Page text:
Originally Posted by CrayBish
hmmm but (let's take same example as in OP) "554KK / AA333" Obv, it's 5 cards but technically aren't we really counting the non-paired cards only? Therefore, 45K vs A3...since the double cards cancel each other out?
I'm not really a razz player....(so I may be totally wrong the way I view it...therefore don't bite my head off!)...
Nope, the paired cards definitely
don't cancel each other out - you have
to play a five-card hand. In the 554KK vs AA333 example it's two pair (kings and fives with a four) against a full house (threes full of aces). Two pair is a terrible
Razz hand, but it's still lower than a full house, so it wins.
Note that for the two players to be playing those two awful hands, they'd have to have two even worse cards in their hands that they weren't using. So it would actually have been 5554KKK vs AAA3333 or something.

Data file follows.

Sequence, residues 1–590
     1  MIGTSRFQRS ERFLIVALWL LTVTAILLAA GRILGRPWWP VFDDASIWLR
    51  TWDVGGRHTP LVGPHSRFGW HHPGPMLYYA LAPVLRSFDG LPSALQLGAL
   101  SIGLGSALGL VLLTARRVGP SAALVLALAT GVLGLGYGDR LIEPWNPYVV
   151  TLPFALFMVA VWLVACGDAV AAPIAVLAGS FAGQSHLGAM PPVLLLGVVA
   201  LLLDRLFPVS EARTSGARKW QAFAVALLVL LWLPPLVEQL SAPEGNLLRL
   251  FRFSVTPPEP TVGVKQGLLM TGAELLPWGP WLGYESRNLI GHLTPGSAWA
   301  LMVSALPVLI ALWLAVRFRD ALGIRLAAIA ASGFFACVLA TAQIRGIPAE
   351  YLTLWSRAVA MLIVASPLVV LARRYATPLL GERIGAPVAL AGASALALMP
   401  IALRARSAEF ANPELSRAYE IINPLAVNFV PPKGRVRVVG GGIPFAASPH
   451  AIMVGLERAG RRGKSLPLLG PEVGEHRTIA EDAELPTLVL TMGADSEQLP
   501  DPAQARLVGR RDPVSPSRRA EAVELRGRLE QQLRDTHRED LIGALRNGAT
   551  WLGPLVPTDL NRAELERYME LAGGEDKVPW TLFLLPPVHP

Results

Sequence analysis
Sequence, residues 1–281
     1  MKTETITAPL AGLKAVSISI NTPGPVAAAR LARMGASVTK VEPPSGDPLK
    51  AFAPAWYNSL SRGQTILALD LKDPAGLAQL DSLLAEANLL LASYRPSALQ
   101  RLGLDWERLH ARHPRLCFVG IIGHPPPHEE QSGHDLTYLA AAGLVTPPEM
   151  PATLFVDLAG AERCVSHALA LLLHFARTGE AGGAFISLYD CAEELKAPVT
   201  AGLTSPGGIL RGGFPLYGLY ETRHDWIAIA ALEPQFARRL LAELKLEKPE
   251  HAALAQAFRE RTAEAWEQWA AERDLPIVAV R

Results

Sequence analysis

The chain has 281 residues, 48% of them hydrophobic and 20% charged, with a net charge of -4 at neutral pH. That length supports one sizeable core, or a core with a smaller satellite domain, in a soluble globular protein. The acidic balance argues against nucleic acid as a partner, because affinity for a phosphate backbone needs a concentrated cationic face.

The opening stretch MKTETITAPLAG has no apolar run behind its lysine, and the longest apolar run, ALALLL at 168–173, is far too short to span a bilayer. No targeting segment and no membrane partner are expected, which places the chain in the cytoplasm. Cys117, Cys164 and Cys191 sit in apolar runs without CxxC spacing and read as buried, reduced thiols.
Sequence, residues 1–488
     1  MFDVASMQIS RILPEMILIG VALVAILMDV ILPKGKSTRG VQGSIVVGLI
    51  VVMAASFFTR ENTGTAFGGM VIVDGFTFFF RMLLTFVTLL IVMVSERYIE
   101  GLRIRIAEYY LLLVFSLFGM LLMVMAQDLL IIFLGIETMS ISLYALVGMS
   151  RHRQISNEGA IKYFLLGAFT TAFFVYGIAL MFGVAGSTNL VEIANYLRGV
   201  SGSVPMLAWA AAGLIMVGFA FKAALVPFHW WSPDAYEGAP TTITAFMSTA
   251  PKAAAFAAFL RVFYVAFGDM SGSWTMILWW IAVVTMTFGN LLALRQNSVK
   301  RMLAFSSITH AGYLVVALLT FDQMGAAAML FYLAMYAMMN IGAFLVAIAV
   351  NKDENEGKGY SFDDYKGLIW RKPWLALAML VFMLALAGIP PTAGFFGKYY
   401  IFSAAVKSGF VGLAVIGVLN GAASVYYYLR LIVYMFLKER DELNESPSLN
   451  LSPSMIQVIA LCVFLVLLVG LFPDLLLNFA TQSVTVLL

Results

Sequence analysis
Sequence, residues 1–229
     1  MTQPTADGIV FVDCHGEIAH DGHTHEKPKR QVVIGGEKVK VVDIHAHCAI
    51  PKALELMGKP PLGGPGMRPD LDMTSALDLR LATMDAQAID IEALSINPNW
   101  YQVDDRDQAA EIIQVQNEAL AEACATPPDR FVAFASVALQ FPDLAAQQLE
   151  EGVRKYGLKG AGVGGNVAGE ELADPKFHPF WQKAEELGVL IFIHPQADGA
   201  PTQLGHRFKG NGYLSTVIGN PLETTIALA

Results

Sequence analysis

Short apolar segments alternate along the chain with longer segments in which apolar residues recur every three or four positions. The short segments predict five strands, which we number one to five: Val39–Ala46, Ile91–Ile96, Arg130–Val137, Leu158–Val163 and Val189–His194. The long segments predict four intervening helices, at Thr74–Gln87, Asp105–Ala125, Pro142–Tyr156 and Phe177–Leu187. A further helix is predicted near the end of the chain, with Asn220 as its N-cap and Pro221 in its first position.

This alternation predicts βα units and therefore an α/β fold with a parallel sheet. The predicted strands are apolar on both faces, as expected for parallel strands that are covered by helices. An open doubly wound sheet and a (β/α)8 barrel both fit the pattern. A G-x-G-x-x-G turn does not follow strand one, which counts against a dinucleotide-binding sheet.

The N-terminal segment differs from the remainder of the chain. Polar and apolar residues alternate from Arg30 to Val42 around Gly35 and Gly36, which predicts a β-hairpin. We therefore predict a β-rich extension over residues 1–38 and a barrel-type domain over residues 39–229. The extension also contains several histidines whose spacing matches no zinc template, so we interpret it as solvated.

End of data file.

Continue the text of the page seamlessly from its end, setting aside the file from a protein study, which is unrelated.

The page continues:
Originally Posted by dtexhol567
1) 55566 beats 44477?
2) 55666 beats 44477?
3) Above is really in effect 65 beats 74, since duplicates don't count?
4) 55666 ties with 55566? (65 =65)
Cheers, checking sanity now.
1 - 44477 wins, because fours-full is a lower hand than fives-full.
2 - 44477 wins again, because fours-full is even lower than sixes-full
3 - Definitely not, see above
4 - 55566 wins
All you need to do is think of it in regular high-hand-wins poker terms, and then reverse the rankings. The hand that would have won in stud hi or NLHE loses in Razz.
This is all largely meaningless, BTW, because it's very rare that you'll actually come across a real-life Razz situation where these kinds of hands are going up against each other. The hand ranking situation that trips most people up is actually this one:
56789 beats A234T, because you work from the highest card down. In this case the first hand is nine-high and the second hand is ten-high. So even though the second hand has four other cards that are lower than all
of the cards in the first hand, it loses because the ten is higher than any card in the first hand.